House Minority Leader Hakeem Jeffries (D-N.Y.) met with leaders of the San Francisco Federal Reserve Bank on Thursday amid financial uncertainty following the failures of two major banks in the past week.
Spokesperson Christie Stephenson said in a statement that Jeffries spoke with the bank’s leaders about the developments in the aftermath of the collapse of Silicon Valley Bank and Signature Bank as the Democratic Caucus awaits the Fed’s findings from its review of the matter.
Stephenson said Jeffries has been coordinating with federal and state regulators to monitor the situation for several days.
“The banking system remains resilient and Americans can have faith their deposits will be there when they need them,” she said.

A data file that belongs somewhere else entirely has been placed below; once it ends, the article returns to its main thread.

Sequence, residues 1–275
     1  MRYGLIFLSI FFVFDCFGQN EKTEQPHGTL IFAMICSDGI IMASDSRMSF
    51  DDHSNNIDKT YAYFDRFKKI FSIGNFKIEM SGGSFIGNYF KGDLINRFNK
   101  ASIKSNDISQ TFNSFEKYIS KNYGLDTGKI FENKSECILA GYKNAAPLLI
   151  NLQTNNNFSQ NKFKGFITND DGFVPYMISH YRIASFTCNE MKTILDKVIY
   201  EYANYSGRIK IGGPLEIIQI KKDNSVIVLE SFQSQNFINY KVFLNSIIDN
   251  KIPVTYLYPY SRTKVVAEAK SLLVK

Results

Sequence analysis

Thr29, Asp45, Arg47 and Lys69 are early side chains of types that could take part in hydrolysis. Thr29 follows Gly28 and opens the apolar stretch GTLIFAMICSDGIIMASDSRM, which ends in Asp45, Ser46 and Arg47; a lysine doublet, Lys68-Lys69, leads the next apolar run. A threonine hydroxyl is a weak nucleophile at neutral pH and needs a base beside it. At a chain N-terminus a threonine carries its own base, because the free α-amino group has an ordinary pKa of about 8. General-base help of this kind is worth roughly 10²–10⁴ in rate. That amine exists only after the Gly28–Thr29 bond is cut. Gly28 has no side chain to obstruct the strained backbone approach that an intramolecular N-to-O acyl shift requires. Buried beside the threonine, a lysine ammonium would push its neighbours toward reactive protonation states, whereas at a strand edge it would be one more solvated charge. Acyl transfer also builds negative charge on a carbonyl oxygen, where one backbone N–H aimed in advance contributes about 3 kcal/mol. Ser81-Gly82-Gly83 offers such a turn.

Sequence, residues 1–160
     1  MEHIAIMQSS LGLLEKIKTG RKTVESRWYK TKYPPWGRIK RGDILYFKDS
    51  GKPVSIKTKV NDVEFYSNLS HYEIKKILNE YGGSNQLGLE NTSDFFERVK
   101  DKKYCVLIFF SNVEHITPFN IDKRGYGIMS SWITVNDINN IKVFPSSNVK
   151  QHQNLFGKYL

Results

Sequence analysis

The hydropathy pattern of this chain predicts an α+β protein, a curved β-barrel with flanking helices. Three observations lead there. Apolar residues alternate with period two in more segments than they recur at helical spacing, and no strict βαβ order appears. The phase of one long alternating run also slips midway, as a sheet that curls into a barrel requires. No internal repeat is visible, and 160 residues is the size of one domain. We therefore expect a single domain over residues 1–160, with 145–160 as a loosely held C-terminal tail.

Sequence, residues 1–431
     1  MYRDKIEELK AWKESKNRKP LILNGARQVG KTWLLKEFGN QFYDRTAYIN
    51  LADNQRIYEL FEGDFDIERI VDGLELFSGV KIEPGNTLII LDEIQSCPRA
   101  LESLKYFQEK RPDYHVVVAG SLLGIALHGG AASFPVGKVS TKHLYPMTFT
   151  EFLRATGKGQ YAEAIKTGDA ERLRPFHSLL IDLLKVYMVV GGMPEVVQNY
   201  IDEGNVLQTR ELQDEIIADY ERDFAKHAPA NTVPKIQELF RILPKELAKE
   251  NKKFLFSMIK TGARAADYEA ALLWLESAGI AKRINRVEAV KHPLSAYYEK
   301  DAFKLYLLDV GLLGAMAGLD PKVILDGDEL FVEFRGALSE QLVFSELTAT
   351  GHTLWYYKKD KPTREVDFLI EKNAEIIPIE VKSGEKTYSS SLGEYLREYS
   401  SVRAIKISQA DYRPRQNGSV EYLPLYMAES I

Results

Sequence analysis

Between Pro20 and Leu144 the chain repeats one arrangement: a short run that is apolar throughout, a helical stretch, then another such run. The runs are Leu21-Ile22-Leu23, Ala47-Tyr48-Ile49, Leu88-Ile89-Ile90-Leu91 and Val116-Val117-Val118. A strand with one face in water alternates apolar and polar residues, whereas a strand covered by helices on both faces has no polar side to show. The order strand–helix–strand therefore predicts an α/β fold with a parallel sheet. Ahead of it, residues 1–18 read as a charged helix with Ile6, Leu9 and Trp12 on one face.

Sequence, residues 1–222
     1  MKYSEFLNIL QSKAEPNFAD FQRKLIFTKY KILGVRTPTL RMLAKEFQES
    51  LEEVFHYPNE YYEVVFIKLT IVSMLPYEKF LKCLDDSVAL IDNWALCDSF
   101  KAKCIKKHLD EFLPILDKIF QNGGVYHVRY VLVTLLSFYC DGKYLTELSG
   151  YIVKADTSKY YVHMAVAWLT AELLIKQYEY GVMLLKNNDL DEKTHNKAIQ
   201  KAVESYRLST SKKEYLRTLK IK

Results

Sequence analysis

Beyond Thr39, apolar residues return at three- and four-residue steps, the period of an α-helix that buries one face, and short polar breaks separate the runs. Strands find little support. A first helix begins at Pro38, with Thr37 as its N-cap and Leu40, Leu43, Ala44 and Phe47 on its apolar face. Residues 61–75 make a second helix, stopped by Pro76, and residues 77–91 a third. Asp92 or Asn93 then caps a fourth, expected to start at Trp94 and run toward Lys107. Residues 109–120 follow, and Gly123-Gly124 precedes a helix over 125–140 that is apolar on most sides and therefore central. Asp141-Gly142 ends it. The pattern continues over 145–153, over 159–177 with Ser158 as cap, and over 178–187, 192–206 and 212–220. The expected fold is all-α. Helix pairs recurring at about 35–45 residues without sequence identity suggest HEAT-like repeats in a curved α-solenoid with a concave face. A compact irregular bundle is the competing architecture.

Shock waves ricocheted through the market after Silicon Valley Bank collapsed last Friday, forcing federal regulators to take over the bank on Sunday. The crash happened when the bank did not have enough cash on hand to fulfill its customers’ withdrawal requests, causing the bank to need to sell assets and leading to a bank run.
The crash was the second largest for a bank in U.S. history and the largest since the Great Recession.
Another bank collapse happened Sunday when Signature Bank, which is focused on cryptocurrency, was shut down by New York state regulators after experiencing a similar issue to Silicon Valley.
The Biden administration announced in response to the failures that customers would be able to have access to their money even if their accounts surpassed the $250,000 per account that the Federal Deposit Insurance Corporation guarantees is protected. But President Biden has stressed that the banks would not receive a bailout and taxpayer dollars would not be used to make up for losses for the banks.
The administration has also sought to downplay the potential effects that the bank collapses could have on the broader economy, and stepping in to protect depositors’ money was meant to reduce the risk of additional bank runs.